Astron. Astrophys. 318, 621-630 (1997)

## 2. Physical model

As pointed out in Sect. 1, we restrict our attention to the usual cylindrical geometry approximation. As seen in Fig. 1, the solar loop is modelled by a flux tube of length L, with foot points of magnetic field lines anchored in the photosphere, at two end-plates at . To start the numerical simulation, we have used magnetic equilibria twisted locally by the photospheric flow. Adding an arbitrary small perturbation (m being the azimuthal mode number), we followed the dynamic evolution of the system on a fast time scale as compared with the slow photospheric time scale. The coronal perturbations are forced to vanish at the ends of the loop because of the inertial anchoring that gives rise to the line-tying conditions. We impose all the components of the perturbations vanish at the photosphere, i.e. we use the usual rigid plates conditions (Velli et al. 1990a). The photosphere is supposed to have a finite axial extent , to simplify the numerical approach. More details about the effects of the numerical extent of the photospheric part are given by Baty & Heyvaerts (1996), who found that the results are not sensitive to the exact value of as long as it remains large enough compared to the smallest axial scale length included in the simulation. Fig. 1. Cylindrical model of the twisted flux tubes. The corona extends beween and , and the photosphere has an axial extent An arbitrary radial boundary condition is also assumed, which is a perfectly conducting wall placed at in order to simplify the computation. The position of this wall will produce negligible effects provided the wall is far enough away from the loop axis (Hood & Priest 1981; Craig et al. 1988; Mikic et al. 1990).

### 2.1. Equations

Numerical computations are carried out using our code, SCYL, which solves the following full set of compressible and dissipative MHD equations, which can be written as (in non dimensional form): Here, is the mass density, P the plasma pressure, the fluid velocity, the magnetic field, the electric current density. and µ are the magnetic diffusivity and the kinematic viscosity respectively, and is the ratio of specific heats (a value of 5/3 is used). The Lundquist number S, which is the ratio of the diffusion time to the Alfvén time , is , being the value of the resistivity on the magnetic axis. The energy equation is as simplified as possible, describing only energy convection (Eq. (3)) because the aim of the simulation is primarily to understand the dynamics. It would be easy to modify Eq. (3) to include thermal conductivity, and we plan to do so in future work.

The variables are normalized as follows: where a is the radius of the flux tube, the density at the radial boundary and a reference magnetic field value given by ( being the magnetic field value on the axis and the full length of the cylinder, ).

Again, we discuss only ideal MHD dynamics (i. e. ).

### 2.2. The numerical procedure

The MHD equations (1-5) are integrated in time with an efficient semi-implicit method allowing large time steps, limited by the non linear physical plasma phenomena, and ensuring a high spatial resolution (Lerbinger & Luciani 1991). The scheme is linearly fully implicit, and the stability is ensured by adding a small elliptic operator in the non linear phases. This elliptic operator dominates only the non linear magnetic perturbation, and is much smaller in size than elliptic operators usually used in semi-implicit methods where it has to dominate the equilibrium magnetic field contribution to ensure numerical stability. The diffusive terms are treated fully implicitly, and a second order predictor-corrector scheme has been developed applying the semi-implicit operator both at the predictor and corrector levels.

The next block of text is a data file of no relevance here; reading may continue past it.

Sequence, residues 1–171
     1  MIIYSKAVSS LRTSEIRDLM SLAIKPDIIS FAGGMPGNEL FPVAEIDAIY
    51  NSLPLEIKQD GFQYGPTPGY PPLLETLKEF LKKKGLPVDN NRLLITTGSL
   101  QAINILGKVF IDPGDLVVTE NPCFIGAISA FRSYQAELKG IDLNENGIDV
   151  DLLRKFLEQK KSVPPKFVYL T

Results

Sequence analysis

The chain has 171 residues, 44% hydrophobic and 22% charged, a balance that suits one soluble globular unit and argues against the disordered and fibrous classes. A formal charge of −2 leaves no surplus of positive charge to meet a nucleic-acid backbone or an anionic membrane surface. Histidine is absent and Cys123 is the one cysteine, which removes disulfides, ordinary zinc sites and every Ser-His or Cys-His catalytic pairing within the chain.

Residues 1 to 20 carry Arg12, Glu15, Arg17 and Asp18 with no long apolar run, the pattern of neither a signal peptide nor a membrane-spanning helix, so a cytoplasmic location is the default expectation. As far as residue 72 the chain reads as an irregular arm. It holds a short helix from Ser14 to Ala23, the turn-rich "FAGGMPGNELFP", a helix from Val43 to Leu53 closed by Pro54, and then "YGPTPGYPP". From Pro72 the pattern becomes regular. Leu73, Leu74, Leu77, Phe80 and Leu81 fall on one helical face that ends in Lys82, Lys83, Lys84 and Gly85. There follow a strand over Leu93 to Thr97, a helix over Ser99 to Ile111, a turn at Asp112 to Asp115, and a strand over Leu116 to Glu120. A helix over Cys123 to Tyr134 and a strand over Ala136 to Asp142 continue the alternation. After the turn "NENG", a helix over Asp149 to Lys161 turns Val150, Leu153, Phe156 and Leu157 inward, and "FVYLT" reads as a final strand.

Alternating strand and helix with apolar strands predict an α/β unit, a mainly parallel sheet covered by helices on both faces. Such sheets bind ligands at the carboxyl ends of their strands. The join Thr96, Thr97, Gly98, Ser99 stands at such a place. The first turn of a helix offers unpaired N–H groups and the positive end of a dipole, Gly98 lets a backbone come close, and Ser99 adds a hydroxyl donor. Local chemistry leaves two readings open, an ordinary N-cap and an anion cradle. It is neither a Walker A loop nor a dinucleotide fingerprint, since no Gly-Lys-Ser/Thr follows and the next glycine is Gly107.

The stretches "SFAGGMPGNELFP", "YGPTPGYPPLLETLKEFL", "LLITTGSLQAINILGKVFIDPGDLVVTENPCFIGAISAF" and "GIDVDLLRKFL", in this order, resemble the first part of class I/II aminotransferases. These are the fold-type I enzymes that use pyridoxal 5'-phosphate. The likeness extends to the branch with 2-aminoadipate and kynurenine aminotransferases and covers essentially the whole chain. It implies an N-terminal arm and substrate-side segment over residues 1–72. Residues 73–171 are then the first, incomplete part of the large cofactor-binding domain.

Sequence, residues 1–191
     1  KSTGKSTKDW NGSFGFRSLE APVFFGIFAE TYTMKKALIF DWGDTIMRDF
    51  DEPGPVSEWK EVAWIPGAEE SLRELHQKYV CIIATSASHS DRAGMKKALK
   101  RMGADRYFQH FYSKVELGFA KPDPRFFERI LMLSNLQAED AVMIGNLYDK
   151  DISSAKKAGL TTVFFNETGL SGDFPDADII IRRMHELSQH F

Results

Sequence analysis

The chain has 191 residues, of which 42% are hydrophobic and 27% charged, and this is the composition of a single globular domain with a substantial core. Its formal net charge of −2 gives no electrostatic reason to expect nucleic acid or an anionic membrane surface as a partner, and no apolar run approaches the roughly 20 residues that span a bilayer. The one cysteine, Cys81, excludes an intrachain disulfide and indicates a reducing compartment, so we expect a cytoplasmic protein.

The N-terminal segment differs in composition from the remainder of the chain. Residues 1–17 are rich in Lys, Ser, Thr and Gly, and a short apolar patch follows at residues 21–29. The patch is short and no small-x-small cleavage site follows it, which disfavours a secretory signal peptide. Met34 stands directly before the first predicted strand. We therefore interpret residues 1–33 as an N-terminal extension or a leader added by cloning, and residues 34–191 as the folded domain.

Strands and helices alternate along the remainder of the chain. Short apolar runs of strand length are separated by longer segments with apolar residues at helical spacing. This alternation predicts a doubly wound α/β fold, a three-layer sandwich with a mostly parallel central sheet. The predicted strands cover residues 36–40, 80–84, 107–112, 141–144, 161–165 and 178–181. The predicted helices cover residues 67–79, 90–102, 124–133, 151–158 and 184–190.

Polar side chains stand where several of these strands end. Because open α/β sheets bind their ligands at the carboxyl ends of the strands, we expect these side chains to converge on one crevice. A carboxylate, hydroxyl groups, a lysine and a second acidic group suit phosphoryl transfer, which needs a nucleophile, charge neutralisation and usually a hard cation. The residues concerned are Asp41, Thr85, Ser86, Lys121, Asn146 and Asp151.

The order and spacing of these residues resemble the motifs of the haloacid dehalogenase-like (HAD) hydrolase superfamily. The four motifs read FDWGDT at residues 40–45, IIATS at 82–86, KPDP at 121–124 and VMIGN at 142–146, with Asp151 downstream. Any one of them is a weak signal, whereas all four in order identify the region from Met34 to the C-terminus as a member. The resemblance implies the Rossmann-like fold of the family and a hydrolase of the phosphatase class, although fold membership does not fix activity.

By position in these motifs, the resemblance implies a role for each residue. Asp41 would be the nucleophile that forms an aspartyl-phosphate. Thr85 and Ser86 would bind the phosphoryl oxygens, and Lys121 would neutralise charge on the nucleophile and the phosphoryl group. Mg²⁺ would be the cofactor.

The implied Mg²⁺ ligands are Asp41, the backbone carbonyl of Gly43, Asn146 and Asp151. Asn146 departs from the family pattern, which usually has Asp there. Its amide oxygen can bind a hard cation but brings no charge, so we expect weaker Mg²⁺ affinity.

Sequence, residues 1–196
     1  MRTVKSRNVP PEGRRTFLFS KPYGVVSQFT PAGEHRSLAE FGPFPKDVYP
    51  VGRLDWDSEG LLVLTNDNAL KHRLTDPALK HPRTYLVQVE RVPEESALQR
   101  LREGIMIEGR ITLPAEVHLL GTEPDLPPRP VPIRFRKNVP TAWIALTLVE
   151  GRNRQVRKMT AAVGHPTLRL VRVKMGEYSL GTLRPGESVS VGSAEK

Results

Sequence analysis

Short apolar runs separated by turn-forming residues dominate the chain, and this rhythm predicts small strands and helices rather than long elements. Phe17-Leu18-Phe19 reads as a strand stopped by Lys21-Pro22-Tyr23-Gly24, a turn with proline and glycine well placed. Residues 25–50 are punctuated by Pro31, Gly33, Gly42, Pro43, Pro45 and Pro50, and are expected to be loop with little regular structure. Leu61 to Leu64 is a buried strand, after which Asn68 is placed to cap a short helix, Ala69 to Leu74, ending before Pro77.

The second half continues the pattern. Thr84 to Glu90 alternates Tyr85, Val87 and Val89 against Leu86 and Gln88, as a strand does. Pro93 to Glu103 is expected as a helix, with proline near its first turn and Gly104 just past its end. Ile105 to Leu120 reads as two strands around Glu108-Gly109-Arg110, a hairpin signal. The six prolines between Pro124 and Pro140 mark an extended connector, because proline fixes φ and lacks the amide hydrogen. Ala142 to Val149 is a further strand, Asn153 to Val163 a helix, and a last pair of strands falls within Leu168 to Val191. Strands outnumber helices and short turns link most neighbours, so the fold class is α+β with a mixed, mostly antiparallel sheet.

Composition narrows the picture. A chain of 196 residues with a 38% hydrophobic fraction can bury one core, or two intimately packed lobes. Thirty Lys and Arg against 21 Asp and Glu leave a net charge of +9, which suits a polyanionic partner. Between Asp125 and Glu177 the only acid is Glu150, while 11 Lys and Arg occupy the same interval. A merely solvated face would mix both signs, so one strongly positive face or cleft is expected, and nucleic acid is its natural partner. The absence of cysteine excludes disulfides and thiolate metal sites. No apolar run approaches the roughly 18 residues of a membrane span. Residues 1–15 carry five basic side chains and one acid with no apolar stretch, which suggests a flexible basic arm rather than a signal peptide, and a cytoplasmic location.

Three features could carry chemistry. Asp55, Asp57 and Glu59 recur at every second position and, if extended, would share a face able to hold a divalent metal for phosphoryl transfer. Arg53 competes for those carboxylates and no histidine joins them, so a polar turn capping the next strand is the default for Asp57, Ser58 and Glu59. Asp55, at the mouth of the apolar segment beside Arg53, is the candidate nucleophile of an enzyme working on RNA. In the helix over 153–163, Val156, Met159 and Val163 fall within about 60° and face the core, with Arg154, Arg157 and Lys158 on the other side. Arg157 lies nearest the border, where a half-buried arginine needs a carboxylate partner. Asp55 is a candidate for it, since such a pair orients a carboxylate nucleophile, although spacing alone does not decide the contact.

The periodic version of the code, XTOR, has been used previously to study the non linear magnetic reconnection process associated with the internal kink instability in tokamak, in cylindrical geometry (Baty et al. 1991) and in toroidal geometry (Baty et al. 1992, 1993). The line-tied cylindrical version, XCYL, has proved its ability to simulate long time MHD evolution together with a high spatial resolution in a line-tied solar context (Baty & Heyvaerts 1996).

Cylindrical coordinates (r, ,z) are used, with r the radial coordinate (labelling equilibrium magnetic surfaces), the azimuthal angle, and z the axial coordinate. Radially, we use finite differences on two staggered meshes. Variables are expanded in double Fourier series in and ( ) and operations are performed using a fast Fourier transform (FFT). We use 100 grid points in the radial direction with the possibility of accumulation in the vicinity of current layers. For the other directions, grid points are used in .

In order to get a precise description of the modes, we adopt a "de-aliasing" procedure in the axial direction as well as in the direction. Indeed, when FFT's are used, "aliasing" errors introduced by the discrete transforms quickly degrade the solution, especially in the higher harmonics (Aydemir & Barnes 1985). In this work, we use up to 7 modes, each with a band of 80 axial harmonics centered around the fastest growing axial harmonic (Einaudi & Van Hoven 1983).

At the outer perfectly conducting boundary wall at , we imposed a vanishing radial component of the velocity together with the usual electromagnetic boundary conditions on the electric and magnetic fields.    © European Southern Observatory (ESO) 1997

Online publication: July 8, 1998